Hives (Urticaria & Angioedema)

  • Medical Author:
    Gary W. Cole, MD, FAAD

    Dr. Cole is board certified in dermatology. He obtained his BA degree in bacteriology, his MA degree in microbiology, and his MD at the University of California, Los Angeles. He trained in dermatology at the University of Oregon, where he completed his residency.

  • Medical Editor: Melissa Conrad Stöppler, MD
    Melissa Conrad Stöppler, MD

    Melissa Conrad Stöppler, MD

    Melissa Conrad Stöppler, MD, is a U.S. board-certified Anatomic Pathologist with subspecialty training in the fields of Experimental and Molecular Pathology. Dr. Stöppler's educational background includes a BA with Highest Distinction from the University of Virginia and an MD from the University of North Carolina. She completed residency training in Anatomic Pathology at Georgetown University followed by subspecialty fellowship training in molecular diagnostics and experimental pathology.

Are Hives Always Caused by an Allergy?

Hives are a very common reaction to all kinds of stimuli. While an allergic reaction can be a cause of hives, in the majority of outbreaks, the exact cause of hives is not known.

Picture of Hives

Quick GuideRosacea, Acne, Shingles: Common Adult Skin Diseases

Rosacea, Acne, Shingles: Common Adult Skin Diseases

Hives facts

  • Hives (medically known as urticaria) are red, itchy, raised areas of skin that appear in varying shapes and sizes, each one characteristically lasts no longer than six to 12 hours.
  • Hives are very common, and most often their cause is elusive.
  • Hives can change size rapidly and move around, disappearing in one place and reappearing in other places, often in a matter of hours.
  • Ordinary hives flare up suddenly.
  • Occasionally hives are produced by direct physical stimulation by environmental forces like heat, cold, and sunlight.
  • Treatment of hives is directed at symptom relief until the condition goes away on its own.
  • Antihistamines are the most common treatment for hives.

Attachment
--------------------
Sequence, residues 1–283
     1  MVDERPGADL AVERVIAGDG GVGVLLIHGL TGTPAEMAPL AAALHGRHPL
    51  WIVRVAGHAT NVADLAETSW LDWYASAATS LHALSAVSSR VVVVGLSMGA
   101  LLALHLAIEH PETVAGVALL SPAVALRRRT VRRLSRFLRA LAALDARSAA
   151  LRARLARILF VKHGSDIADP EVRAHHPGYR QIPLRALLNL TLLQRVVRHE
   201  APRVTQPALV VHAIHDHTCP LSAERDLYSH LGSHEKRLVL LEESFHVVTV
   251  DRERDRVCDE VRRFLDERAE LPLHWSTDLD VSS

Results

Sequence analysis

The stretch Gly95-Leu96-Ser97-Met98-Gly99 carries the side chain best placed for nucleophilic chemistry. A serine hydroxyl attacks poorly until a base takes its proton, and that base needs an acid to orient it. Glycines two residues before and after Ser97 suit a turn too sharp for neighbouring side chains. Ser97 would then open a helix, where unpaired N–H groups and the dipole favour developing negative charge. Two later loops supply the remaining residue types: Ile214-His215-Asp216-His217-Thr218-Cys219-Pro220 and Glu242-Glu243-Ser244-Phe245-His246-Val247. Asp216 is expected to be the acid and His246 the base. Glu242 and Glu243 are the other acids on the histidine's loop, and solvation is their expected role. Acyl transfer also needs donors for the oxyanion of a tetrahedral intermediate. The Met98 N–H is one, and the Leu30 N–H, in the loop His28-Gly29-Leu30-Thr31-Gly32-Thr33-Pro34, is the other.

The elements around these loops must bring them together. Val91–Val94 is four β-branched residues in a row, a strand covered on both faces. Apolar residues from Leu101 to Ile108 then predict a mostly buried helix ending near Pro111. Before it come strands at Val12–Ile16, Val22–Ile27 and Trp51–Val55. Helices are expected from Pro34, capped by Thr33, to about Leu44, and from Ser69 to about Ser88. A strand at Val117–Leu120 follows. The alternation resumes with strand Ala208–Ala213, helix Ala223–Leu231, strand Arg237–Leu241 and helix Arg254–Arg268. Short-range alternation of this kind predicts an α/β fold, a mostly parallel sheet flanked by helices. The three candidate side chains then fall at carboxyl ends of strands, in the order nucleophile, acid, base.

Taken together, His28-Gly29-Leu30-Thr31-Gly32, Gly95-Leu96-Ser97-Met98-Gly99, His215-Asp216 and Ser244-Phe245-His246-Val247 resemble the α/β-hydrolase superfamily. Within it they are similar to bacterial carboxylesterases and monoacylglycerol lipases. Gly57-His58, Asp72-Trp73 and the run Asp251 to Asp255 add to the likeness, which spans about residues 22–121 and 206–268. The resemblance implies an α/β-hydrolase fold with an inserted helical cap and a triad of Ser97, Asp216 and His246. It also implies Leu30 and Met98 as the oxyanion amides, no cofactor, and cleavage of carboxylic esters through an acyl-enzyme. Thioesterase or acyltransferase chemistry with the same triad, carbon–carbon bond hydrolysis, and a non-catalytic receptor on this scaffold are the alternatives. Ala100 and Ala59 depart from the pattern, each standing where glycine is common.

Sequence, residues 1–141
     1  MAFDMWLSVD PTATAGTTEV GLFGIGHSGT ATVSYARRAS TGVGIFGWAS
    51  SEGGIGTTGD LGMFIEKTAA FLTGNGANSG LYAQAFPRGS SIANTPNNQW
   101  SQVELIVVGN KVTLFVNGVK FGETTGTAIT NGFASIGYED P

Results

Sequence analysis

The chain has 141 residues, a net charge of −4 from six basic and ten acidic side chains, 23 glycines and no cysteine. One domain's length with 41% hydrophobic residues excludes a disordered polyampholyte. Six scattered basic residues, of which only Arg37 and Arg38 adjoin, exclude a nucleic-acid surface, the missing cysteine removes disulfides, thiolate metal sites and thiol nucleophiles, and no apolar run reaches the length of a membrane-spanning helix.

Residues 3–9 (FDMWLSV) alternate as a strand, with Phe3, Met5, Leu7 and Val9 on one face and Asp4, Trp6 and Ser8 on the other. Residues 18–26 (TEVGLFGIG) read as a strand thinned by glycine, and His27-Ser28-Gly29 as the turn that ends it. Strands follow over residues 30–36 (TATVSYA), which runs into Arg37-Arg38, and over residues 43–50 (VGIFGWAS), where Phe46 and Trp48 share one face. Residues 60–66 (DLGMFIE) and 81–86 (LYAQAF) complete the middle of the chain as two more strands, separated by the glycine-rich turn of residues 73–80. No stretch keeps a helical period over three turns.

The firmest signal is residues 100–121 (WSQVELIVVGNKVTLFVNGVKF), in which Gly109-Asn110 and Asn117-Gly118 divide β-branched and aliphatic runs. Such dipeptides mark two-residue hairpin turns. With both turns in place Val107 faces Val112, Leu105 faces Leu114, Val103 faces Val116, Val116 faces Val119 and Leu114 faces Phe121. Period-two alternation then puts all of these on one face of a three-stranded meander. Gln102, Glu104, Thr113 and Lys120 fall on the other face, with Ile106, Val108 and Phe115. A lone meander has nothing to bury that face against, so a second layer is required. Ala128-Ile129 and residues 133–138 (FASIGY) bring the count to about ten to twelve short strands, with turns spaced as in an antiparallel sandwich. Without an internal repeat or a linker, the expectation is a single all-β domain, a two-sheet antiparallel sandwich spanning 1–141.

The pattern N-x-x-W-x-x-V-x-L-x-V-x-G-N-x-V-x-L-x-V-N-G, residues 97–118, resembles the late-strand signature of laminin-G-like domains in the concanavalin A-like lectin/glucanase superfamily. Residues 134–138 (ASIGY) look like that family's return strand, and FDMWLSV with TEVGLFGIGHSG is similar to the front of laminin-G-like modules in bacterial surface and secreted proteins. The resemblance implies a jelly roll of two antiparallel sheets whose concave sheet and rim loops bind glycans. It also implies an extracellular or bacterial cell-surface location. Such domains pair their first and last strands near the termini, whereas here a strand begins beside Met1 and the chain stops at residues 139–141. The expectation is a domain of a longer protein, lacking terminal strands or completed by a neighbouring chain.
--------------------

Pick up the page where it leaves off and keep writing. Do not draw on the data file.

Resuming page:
• Hives typically are not associated with long-term or serious complications. Continue Reading
Reviewed on 2/22/2016
References
REFERENCES:

Bernstein, Jonathan A., et al. "The Diagnosis and Management of Acute and Chronic Urticaria: 2014 Update." J Allergy Clin Immunol 133.5 May 2014: 1270-1277.

Criado, Paulo Ricardo. "Chronic Urticaria in Adults: State-of-the-Art in the New Millennium." An Bras Dermatol 90.1 (2015): 74-89.

Fine, Lauren M., and Jonathan A. Bernstein. "Urticaria Guidelines: Consensus and Controversies in the European and American Guidelines." Curr Allergy Asthma Rep 15 (2015): 30.

Frigas, Evangelo, and Miguel A. Park. "Acute Urticaria and Angioedema." Am J Clin Dermatol 10.4 (2009): 239-250.

Langley, Emily W., and Joseph Gigante. "Anaphylaxis, Urticaria, and Angioedema." Pediatrics in Review 34 (2013): 247-258.

IMAGES:

1.iStock

2.iStock

3.iStock

4.iStock

5.Medscape

6.iStock

7.MedicineNet

8.iStock

9.iStock

10.iStock

Subscribe to MedicineNet's Allergy and Asthma Newsletter

By clicking Submit, I agree to the MedicineNet's Terms & Conditions & Privacy Policy and understand that I may opt out of MedicineNet's subscriptions at any time.

VIEW PATIENT COMMENTS
  • Hives - Describe Your Experience

    Please describe your experience with hives.

    Post View 98 Comments
  • Hives - Treatment

    What was your treatment for hives?

    Post View 64 Comments
  • Hives - Symptoms

    What did your hives look like and where on your body did they appear? Did you have other symptoms?

    Post View 6 Comments

Health Solutions From Our Sponsors